EMPIRICAL EVIDENCE OF KNIGHTIAN UNCERTAINTY IN EQUITY MARKETS
Schoening, Julie Li
Urbach, Jeffrey S
Hatheway, Frank M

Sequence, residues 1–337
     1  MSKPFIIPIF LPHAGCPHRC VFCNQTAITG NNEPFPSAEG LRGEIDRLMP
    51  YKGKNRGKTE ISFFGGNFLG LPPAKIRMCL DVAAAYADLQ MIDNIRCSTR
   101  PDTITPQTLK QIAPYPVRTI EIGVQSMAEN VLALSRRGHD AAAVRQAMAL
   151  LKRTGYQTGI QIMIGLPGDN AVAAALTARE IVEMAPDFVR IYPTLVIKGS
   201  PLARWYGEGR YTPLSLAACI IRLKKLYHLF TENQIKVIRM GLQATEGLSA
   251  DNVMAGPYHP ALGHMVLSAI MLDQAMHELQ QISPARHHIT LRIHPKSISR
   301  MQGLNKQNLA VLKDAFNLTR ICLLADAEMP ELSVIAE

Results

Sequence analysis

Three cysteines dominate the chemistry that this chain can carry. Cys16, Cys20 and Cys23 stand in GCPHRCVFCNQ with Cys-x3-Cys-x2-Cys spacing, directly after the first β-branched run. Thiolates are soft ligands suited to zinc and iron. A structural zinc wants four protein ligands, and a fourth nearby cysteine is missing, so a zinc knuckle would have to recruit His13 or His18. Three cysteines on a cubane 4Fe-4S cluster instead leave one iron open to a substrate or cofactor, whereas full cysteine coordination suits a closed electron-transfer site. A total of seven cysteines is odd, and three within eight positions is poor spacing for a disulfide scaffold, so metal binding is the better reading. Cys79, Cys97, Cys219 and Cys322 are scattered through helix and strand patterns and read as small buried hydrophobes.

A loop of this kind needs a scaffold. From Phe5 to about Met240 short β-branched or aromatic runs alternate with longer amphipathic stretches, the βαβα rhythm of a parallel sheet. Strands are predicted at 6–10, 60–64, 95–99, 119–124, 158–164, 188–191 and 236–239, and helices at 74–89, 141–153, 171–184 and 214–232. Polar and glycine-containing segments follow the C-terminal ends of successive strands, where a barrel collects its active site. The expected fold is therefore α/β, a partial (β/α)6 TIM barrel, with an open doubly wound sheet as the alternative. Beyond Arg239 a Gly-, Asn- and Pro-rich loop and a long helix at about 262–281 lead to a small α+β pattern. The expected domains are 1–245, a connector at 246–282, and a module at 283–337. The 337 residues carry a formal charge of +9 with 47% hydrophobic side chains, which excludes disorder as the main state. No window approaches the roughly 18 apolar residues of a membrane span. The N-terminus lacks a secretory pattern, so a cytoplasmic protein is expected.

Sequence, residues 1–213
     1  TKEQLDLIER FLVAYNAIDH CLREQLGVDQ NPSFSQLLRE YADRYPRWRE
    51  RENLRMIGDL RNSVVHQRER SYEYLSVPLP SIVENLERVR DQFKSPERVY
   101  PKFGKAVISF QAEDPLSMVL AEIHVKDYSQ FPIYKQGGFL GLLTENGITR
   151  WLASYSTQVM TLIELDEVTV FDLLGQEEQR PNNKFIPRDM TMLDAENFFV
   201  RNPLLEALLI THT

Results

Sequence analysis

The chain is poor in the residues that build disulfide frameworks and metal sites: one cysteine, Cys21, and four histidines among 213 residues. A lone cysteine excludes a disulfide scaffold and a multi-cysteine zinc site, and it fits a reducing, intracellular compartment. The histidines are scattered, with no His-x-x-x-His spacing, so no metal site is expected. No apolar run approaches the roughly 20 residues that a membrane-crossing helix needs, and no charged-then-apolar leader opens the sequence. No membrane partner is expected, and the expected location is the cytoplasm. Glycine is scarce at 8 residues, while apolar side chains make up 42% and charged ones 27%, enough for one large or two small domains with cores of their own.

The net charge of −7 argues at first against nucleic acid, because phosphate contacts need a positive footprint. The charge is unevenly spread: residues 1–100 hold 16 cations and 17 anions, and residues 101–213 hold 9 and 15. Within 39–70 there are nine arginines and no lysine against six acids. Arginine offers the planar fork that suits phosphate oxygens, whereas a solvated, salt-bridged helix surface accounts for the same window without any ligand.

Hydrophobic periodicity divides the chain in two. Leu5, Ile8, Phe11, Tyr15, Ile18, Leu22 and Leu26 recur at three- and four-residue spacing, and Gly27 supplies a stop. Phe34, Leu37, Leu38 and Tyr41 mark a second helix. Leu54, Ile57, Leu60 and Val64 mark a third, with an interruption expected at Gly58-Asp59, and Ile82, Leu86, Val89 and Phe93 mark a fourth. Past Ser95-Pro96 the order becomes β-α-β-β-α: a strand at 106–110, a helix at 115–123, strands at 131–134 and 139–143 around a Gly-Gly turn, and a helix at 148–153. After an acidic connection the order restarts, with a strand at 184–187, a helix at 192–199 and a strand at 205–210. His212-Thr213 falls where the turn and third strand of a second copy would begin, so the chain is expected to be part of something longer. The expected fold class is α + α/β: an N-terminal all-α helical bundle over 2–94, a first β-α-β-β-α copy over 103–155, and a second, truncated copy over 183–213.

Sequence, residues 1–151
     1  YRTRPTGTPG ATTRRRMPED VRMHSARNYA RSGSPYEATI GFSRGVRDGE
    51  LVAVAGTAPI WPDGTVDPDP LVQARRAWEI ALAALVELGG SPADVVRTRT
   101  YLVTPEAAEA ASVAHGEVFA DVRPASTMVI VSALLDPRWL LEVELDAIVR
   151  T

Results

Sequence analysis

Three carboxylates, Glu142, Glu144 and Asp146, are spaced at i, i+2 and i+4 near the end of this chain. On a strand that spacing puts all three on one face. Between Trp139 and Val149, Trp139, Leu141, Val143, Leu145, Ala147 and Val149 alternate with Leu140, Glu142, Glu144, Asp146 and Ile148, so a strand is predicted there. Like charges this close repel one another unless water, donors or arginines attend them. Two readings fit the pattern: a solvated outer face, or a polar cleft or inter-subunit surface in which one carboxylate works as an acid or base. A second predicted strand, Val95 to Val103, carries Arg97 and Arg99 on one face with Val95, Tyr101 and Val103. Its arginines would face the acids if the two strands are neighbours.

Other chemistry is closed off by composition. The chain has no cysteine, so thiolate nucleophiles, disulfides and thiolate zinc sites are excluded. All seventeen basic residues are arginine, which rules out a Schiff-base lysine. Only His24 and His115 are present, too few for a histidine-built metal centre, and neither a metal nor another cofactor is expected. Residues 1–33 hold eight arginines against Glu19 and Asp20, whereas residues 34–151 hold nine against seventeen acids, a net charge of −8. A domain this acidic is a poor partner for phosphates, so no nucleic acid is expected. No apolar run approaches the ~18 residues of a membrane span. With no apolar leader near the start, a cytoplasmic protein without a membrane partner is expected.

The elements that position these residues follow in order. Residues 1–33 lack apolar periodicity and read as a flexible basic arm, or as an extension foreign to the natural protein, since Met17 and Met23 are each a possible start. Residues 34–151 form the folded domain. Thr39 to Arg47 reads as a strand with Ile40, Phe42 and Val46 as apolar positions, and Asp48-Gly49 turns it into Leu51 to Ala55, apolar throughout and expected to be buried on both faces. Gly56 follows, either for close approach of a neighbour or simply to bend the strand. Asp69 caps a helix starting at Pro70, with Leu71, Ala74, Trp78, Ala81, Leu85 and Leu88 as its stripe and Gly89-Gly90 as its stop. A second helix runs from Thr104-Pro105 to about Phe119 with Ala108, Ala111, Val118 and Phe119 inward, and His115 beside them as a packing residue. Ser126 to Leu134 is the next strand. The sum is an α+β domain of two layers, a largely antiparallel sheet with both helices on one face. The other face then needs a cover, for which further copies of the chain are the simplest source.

Market microstructure theory builds on the assumption that the arrival of new information induces trading, because it alters market participants’ expectations of the true price. The bid-ask spread, which represents microstructure frictions, should straddle the expected true price (Madhavan, 1992). In empirical studies, the bid-ask midpoint is a generally accepted and frequently used proxy for the expected true price of the asset (Hasbrouck, 2007; Huang & Stoll, 1997). In this paradigm, price discovery occurs through trading, with the expected true price unvarying between two adjacent trades.I consider, on the contrary, that it is not only possible but also common for the expected true price to be outside the bid-ask interval in a modern equity market. I provide empirical evidence of quote movements within time periods of no trade using tick-by-tick equity market data. To explain such previously undocumented evidence, I suggest a Knightian uncertainty model from Easley and O’Hara (2010a), which models liquidity freeze in the fixed-income market. I form hypotheses to test potential causes of the instances where quotation prices clearly deviate from the expected true price of the security. I build a Monte Carlo simulation of the limit order book with order entries, cancellations, and executions following separate Poisson processes, and use the simulation results as a benchmark to test the significance of the empirically observed deviations: they are statistically significant in both frequency and magnitude. Since Knightian uncertainty cannot be quantified by definition, I take a process-of-elimination approach to test competing hypotheses on valuation risk, microstructure risk, and time of the day effects. I find the empirical evidence of Knightian uncertainty consistent with theoretical prediction, although market risk factors also contribute significantly.These findings challenge the classical assumption of the relationship between the theoretical construct of true price and the empirically observed quotation prices in a microstructure setting; extend a new approach led by Easley and O’Hara (2010a) and Routledge and Zin (2009) to consider Knightian uncertainty—differentiated from risk—to interpret new market data; and contribute to the empirical literature on Knightian uncertainty.
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